Switch to previous version of Magzter
Oregon At 160

Rediscover the state’s inspiring story from exclusion to progress.

Candy Moulton

When wealthy trapper Ewing Young died in 1841 in what is Oregon today, he had no apparent heirs, and there was no way to determine how to handle his estate. A meeting after his funeral resulted in a proposal to establish a probate government. The following year, in Champoeg, two meetings to discuss wolves and other animals further galvanized citizens, and in 1843 an all-citizen meeting resulted in the establishment of a provisional government—the first acting public government in the large land mass known as Oregon Country. George Abernethy became the provisional government’s first governor.

On August 13, 1848, Oregon Territory was officially organized. The 1850 Donation Land Claim Act led to further settlement but forced tribal members onto reservations in many areas of the region. While encouraging settlement, the new leaders nevertheless in 1844 prohibited blacks from entering the territory by passing the Black Exclusion Law that also prohibited slavery. Those black citizens who were already in the territory were forced to leave or they were beaten.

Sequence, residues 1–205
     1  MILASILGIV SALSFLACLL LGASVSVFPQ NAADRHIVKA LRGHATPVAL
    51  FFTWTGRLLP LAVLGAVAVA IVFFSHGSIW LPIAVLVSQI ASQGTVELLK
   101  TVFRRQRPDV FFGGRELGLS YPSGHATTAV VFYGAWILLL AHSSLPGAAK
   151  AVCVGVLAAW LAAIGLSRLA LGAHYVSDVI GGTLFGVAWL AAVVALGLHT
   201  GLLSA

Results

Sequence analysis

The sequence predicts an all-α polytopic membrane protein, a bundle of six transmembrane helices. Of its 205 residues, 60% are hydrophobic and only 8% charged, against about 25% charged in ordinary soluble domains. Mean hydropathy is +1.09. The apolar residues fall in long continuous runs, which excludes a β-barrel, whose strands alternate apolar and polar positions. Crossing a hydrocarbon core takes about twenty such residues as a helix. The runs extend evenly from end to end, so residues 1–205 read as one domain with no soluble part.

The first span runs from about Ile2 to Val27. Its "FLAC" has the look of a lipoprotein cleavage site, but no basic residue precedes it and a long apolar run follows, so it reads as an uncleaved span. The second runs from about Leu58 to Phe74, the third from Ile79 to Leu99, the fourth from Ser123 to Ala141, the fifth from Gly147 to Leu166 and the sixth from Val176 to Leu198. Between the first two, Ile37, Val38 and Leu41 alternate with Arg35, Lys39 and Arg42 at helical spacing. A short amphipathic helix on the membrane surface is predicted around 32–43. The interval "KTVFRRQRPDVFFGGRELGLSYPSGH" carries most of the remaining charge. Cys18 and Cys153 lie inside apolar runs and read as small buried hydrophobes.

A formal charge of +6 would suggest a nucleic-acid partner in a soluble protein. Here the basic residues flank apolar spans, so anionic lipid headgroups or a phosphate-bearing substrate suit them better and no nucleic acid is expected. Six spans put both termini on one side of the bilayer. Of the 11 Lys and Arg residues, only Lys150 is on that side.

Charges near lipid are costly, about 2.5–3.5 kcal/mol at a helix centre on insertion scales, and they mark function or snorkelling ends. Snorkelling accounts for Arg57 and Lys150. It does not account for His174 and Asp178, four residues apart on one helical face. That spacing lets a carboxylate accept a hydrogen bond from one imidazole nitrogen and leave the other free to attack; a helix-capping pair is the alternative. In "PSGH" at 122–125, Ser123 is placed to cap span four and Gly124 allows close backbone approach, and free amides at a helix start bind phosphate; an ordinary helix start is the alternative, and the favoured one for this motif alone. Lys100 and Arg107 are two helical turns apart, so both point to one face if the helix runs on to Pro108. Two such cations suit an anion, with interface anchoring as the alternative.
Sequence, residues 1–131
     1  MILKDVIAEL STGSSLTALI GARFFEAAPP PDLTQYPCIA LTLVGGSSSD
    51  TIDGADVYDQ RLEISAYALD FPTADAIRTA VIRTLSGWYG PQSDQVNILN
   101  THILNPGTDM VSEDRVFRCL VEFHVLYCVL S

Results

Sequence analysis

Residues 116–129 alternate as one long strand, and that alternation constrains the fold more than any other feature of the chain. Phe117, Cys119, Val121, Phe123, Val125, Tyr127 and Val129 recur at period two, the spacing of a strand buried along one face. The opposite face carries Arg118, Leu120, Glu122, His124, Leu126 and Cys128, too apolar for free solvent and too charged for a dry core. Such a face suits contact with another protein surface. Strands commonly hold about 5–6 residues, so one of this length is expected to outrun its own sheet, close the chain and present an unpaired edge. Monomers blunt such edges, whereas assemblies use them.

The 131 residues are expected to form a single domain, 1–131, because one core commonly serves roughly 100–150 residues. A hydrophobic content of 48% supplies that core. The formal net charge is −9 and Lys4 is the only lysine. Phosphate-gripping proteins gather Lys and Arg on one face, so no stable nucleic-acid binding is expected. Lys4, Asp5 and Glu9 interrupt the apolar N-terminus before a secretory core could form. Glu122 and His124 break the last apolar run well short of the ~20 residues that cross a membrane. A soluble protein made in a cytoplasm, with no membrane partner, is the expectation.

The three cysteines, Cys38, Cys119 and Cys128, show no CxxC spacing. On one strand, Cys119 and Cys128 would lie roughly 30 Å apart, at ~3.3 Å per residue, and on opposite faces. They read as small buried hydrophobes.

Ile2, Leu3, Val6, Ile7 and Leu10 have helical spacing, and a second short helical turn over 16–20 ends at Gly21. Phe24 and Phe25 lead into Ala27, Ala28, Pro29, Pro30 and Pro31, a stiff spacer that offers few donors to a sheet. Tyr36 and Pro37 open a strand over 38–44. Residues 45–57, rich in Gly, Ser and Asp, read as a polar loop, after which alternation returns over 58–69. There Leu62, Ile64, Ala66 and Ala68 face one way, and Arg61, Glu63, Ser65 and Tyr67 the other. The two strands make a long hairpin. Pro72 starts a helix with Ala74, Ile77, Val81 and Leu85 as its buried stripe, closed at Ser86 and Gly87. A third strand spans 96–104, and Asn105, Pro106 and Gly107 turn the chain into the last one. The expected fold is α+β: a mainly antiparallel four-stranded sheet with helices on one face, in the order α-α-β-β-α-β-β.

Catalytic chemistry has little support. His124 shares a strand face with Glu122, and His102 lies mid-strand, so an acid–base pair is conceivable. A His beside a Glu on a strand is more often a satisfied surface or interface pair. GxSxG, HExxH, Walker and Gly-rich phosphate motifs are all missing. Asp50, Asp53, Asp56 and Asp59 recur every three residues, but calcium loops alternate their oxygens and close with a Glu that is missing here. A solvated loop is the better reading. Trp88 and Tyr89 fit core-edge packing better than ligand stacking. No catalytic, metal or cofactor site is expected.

Owners of slaves were required to free them. While most black residents left the territory, some remained, usually in hiding. With the population continuing to expand due to immigration, Oregon was denied statehood several times as Congress argued whether the territory should be admitted as a “slave” state or a “free” state.

Continue Reading with Magzter GOLD


Get unlimited access to thousands of curated premium stories and 5,000+ magazines


February 2019